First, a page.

NORTHEAST PORTS - ProvPort bulks up

By: | at 08:00 PM | Channel(s): Ports & Terminals  

The Port of Providence’s terminal operator, ProvPort, specializes in a diverse mixture of bulk and breakbulk cargoes. As with most East Coast bulk/breakbulk operators, 2006 looks good for the terminal operator.By George Lauriat, AJOTJay Baird, director of marketing for ProvPort, a bulk and breakbulk terminal operator in Providence, Rhode Island, says his business outlook is good. “We think the outlook is very positive,” Baird said of the bulk/breakbulk market worldwide. ProvPort, founded in 1994, handles a wide variety of commodities including LPG, scrap metal, salt, coal, cement, aggregate, chemicals and plywood. The Port has a nice mix of facilities that include six deep water berths totaling 3,500 linear feet combined, three warehouses (300,000 sq. ft.) and 20 acres of paved open storage area. For liquid bulk, ProvPort is the owner of its own Petroleum Tank Farm totaling some 335,000 barrels of capacity. The Port also has on-dock rail access with three rail spurs. The on-the-dock rail is run by the Providence and Worcester Railroad, and has a loop system that enables the port to offer direct vessel to rail loading.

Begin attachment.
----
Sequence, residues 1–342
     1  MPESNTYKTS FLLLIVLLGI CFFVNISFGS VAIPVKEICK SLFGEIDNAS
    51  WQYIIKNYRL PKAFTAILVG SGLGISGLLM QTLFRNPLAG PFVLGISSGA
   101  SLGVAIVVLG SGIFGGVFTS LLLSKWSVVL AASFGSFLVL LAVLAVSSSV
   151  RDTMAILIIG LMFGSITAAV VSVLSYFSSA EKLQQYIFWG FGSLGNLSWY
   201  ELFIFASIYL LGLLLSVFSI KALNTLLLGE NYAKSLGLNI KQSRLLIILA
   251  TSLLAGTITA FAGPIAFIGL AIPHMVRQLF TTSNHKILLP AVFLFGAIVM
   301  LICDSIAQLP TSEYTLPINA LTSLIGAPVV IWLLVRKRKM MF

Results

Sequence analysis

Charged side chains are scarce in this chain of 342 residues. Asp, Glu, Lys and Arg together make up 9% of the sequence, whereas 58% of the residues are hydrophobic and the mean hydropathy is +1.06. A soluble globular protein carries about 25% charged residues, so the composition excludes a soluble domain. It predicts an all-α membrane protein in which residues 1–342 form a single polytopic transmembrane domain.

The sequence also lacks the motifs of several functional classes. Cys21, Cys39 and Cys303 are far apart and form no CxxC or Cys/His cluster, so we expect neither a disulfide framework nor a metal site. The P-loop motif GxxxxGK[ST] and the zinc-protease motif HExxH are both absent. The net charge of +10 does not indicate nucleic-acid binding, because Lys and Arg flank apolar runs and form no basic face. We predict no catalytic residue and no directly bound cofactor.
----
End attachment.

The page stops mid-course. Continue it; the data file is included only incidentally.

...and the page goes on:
“At ProvPort we handle around two million tons per year,” Baird said. “We just added limestone from Nova Scotia to the mix this year,” he added.
Cement is also a major commodity handled by the port. ProvPort has two separate on-dock cement storage facilities. Glens Falls Lehigh Cement (GFLC) established its New England Distribution Center at ProvPort. The facility is capable of loading and transporting cement by truck or rail.
Another commodity that has done well for ProvPort is plywood. According to Baird, “The plywood is from China, Malaysia and Indonesia.” The company also has been handling copper from Peru and Chile on a monthly breakbulk service. Coal has also been an important commodity for the company. The company has rail, barge and truck service to handle the coal shipments. “Coal could increase,” Baird noted, “as Northeast utility companies increase their usage. Of course, coal demand is predicated on the price of foreign coal versus domestic, and the availability of vessels, but we expect that it will increase.”
In the immediate future, Baird thinks that the breakbulk commodities will continue to rise. “Ferrous and non-ferrous metals are likely to boost totals, and we could see exports of scrap metal. We also expect to see an increase in forest products,” Baird revealed.

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American Journal of Transportation